“Before, we were happy with it but not really completely there and I think that aspect of it has improved now. We didn’t want to have any of the old stuff in it at all. We wanted to have it be exactly what we were feeling at that moment rather than a collection of songs to get us through a debut album.

For more, read this week’s Connacht Tribune.

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The Connacht Tribune Live app is the home of everything that is happening in Galway City and county. It’s completely FREE and features all the latest news, sport and information on what’s on in your area. Click HERE to download it for iPhone and iPad from Apple’s App Store, or HERE to get the Android Version from Google Play.

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Connacht Tribune

David offers a fresh take on Percy French’s songs

Judy Murphy

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David's album contains 12 of Percy French's much-loved songs.

Arts Week with Judy Murphy

“He’s the kind of fella you’d love to have met,” says singer David Larkin of the multi-talented Percy French, a songwriter, artist, showman and engineer who bequeathed a vast legacy of songs and paintings to the world when he died in 1920 at the age of 66.

His songs which captured Irish life with a fine dash of humour and a great deal of affection, have been widely recorded through the years, most notably by the late Irish tenor Brendan O’Dowda.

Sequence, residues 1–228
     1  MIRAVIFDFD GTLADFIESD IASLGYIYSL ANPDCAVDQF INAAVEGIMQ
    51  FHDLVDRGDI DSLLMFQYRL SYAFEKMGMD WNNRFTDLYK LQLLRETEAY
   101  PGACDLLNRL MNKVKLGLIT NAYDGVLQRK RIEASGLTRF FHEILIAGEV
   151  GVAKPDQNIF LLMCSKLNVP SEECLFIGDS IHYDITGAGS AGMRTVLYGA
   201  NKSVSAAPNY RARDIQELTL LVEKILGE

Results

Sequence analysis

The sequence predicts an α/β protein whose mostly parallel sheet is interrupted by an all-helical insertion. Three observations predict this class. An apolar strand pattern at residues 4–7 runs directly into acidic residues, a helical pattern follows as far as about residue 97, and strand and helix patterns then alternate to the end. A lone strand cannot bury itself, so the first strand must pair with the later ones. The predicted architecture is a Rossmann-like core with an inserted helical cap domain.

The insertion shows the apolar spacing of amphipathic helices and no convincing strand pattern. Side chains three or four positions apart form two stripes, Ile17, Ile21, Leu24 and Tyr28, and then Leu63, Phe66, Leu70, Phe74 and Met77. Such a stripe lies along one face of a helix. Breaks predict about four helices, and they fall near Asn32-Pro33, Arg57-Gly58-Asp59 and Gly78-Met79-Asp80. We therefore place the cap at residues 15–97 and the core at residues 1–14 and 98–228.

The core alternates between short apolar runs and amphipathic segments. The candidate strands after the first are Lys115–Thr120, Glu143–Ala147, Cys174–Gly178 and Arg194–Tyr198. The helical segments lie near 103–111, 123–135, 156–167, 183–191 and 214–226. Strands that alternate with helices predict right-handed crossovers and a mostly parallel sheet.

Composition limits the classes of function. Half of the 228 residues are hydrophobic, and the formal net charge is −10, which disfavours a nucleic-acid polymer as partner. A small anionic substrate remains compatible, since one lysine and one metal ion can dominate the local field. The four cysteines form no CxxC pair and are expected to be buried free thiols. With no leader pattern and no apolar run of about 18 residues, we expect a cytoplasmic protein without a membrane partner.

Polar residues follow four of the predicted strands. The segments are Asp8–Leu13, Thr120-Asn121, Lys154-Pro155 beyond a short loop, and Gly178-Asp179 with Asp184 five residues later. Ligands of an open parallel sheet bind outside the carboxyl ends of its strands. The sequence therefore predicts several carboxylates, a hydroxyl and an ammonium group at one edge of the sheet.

David has now given a new interpretation to 12 of French’s compositions on his album, David Larkin sings Percy French: With a Toot on the Flute and a Twiddle on the Fiddle!!!

“I loved his songs and I’d have known quite a few of them from hearing them on the radio and at sing-songs,” says David who works as a Housing Support Assistant with the Simon Community and presents Larkin About on Galway’s Flirt FM in his spare time. An early memory of hearing one of them is when American folk singer, Don McLean recorded The Mountains of Mourne in 1973.

David’s family moved to Galway City from Athleague in Roscommon when he was six, but “I always consider myself a Roscommon man”, he says with a smile.

He’s been part of the Galway singing scene for decades, co-hosting the I’m Singing in the Crane sessions in the popular city pub since 2013. He’s a regular participant in singing sessions and festivals countrywide, including the Willie Clancy Summer School in Miltown Malbay, County Clare, where he contributes to the daily singing workshops.

For more, read this week’s Connacht Tribune.